South Carolina

The Palmetto State
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State Highlights
  • Total Latino Population


  • Median Age of Latinos


  • Median Income of Latinos 16+


  • # of Latino Registered Voters


  • Latinos Without Health Insurance


  • Latino Homeownership


  • Latinos as % of All Under 18



From 2000 to 2014, the Latino population in South Carolina increased by 171.3% and accounted for 20.4% of the state’s total population growth. 1

In 2014, South Carolina’s Latino population totaled 261,752 and constituted 5.4% of the state’s total population 2

Much of the Latino population is concentrated in North Charleston, Columbia, and Hilton Head Island. 3 The two counties with the largest Latino populations were Greenville and Richland. 4

In 2014, South Carolina’s Latino citizen voting age population numbered 106,000. 5

Furthermore, Latino registered voters totaled 48,000 and constituted 2.0% of all registered voters in the state. 6

Approximately 29.2% of Latino registered voters cast ballots during the November 2014 elections. 7


South Carolina is one of seven states that implemented elements from the U.S. Citizenship and Immigration Services’ naturalization exam into their high school curricula. SC S437 requires high school students to fulfill their social studies graduation requirements by pass a test based on the civics section of the exam. 8


South Carolina passed SC S356, which requires notaries have the ability to read/write in English and be registered to vote. Additionally, they are not allowed to offer advice on immigration-related issues and must inform clients as such. 9

South Carolina was one of twenty-six states that filed a lawsuit against the federal government, arguing that President Obama’s suspension of immigration laws was unconstitutional. 10


The state passed SC H3710, which earmarks money to be used to create and maintain a hotline that will keep track of all allegations of violations of immigration law. 11

66.8% of Latinos were citizens of the United States (58.4% were native born and 8.3% were naturalized). 12

41.6% of Latinos were foreign born. 13

74.1% of Latinos 5-years of age and older spoke Spanish. 14

Of Latino Spanish-speakers 5-years of age and older, 48.1% spoke English “very well”, 20.7% spoke English “well”, 21.9% spoke English “not well”, and 9.3% spoke English “not at all.” 15

The median age of Latinos was 26.8 years compared to 41.9 years for Whites. 16

35.2% of Latinos were under 18 years of age compared to 20.1% of Whites. 17

Latinos comprise 8.4% of all persons under the age of 18. 18

Of Latinos 25-years of age and older, 39.7% had less than a high school diploma (compared to 11.1% of Whites), 27.9% had a high school diploma, GED, or alternative credential (compared to 28.5% of Whites), 18.3% had some college or an Associate’s degree (compared to 30.1% of Whites), 9.3% had a Bachelor’s degree (compared to 19.5% of Whites), and 4.9% had a Graduate degree (compared to 10.9% of Whites). 19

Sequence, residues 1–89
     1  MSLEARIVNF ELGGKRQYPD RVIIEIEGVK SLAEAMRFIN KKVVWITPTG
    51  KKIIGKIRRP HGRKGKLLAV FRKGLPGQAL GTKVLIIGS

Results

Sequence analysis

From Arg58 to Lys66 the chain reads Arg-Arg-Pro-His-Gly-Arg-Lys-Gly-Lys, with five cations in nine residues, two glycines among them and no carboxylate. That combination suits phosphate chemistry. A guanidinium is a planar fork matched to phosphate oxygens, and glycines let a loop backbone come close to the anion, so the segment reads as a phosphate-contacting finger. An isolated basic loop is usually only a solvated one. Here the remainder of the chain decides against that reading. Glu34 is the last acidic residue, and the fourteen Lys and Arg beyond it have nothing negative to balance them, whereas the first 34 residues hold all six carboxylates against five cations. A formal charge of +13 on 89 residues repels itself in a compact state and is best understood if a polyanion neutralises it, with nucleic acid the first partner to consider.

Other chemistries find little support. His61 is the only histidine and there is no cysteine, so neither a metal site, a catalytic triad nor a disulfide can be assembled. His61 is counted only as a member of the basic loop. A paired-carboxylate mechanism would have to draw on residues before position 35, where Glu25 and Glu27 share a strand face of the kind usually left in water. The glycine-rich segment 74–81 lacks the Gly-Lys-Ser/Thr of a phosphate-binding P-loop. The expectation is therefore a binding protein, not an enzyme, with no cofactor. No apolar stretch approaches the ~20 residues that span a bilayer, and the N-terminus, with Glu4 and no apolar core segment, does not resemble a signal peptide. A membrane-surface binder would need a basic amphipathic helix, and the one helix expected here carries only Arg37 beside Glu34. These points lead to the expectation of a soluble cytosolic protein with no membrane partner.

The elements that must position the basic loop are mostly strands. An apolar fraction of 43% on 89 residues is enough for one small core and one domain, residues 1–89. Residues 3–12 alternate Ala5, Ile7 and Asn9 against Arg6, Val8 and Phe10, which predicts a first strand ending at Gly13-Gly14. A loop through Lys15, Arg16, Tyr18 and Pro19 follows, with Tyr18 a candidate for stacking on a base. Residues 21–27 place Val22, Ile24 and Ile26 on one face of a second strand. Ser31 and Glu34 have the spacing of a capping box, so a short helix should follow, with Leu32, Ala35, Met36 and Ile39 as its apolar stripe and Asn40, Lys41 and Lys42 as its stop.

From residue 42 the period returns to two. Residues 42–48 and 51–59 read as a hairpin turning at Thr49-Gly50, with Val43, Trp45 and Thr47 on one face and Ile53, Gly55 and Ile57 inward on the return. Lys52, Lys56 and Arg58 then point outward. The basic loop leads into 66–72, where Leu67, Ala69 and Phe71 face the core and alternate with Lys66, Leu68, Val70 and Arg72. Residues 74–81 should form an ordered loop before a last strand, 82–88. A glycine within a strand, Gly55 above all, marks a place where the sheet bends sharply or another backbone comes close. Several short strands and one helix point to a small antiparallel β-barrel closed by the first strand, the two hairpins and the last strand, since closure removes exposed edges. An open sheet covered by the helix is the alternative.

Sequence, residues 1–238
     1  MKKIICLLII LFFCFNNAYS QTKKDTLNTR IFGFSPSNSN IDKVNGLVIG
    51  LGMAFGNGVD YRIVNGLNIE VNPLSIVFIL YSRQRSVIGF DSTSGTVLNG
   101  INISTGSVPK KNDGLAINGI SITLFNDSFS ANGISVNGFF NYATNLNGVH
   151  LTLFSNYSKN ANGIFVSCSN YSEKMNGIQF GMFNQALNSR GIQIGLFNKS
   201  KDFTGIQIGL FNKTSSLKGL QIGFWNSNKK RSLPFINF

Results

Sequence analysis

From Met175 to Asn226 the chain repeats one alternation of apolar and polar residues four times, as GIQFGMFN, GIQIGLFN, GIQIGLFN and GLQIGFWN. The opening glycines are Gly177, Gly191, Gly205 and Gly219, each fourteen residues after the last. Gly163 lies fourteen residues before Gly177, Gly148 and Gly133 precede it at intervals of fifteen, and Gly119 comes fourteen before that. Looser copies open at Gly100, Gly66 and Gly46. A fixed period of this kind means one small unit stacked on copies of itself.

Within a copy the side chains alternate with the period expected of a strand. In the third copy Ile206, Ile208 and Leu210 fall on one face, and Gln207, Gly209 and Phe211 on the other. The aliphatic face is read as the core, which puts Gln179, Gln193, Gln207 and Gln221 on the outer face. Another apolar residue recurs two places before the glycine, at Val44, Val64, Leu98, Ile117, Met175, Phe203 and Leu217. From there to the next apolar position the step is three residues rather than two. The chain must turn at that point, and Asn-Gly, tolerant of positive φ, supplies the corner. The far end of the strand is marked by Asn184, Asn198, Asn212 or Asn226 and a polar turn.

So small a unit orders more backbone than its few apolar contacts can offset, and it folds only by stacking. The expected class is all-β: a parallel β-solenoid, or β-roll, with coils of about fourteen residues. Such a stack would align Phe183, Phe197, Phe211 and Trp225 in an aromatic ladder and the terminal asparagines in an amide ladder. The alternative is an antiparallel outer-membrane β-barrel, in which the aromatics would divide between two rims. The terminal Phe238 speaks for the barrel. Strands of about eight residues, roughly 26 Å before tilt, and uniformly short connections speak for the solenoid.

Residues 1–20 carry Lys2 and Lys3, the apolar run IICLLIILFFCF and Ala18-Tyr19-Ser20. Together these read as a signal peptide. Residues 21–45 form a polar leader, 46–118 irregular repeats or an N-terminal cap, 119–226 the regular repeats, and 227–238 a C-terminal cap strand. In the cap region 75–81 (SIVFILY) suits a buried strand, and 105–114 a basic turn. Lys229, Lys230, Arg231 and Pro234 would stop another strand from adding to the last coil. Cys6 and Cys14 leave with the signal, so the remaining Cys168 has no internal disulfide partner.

Median household incomes totaled $35,595 for Latinos and $51,912 for Whites (in 2014 inflation-adjusted dollars). 20

35.5% of Latinos lacked health insurance compared to 10.9% of Whites. 21

45.2% of Latino households were owner occupied (compared to 74.6% of White households) and 54.8% were renter occupied (compared to 25.4% of White households). 22

6.7% of Latinos were unemployed compared to 6.1% of Whites. 23

The number of Latino-owned businesses grew 242.7% over a 10-year period, going from 3,015 in 2002 to 10,332 in 2012. 24 25

In 2012, receipts for Latino-owned businesses totaled $1.9 million, representing an increase of 6.2% from 2007. 26 27

In 2012, Latino-owned businesses employed 10,465 people with an annual payroll of $289,017. 28

In 2015, the Latino purchasing power in South Carolina totaled $5.6 billion. 29

From 2000 to 2014, South Carolina’s immigrant population increased 97.1%, growing from 115,978 in 2000 to 228,553 in 2014 (immigrant share of 4.7% in 2014). 30

In 2014, 30.8% of immigrants living in South Carolina entered the U.S. before 1990, 24.2% entered between 1990 and 1999, 29.8% entered between 2000 and 2009, and 15.2% entered after 2010. 31

According to a U.S. Census Bureau 2014 estimate, 51.4% of immigrants living in South Carolina were born in Latin America, 23.5% were born in Asia, 16.2% were born in Europe, 5.1% were born in Africa, and 3.9% were born in other regions. 32

37.9% of all immigrants in South Carolina were naturalized U.S. citizens in 2014. 33

In 2012, 111,535 people (or 4.5% of all registered voters in South Carolina) were newly naturalized citizens or U.S. born children of immigrants. 34

In 2014, foreign-born workers totaled 141,882 and made-up 5.6% of South Carolina’s workforce. 35

Between 2009 and 2013, 60,000 undocumented immigrants held permanent jobs in South Carolina, representing 66% of the undocumented civilian population. 36 In 2008, The Perryman Group found that removing undocumented immigrants from South Carolina would result in a $1.8 billion loss in economic activity and a $782.9 million loss in gross state product, as well as a loss of 12,059 jobs. 37

Undocumented immigrants in South Carolina paid $69.3 million in state and local taxes in 2012. 38

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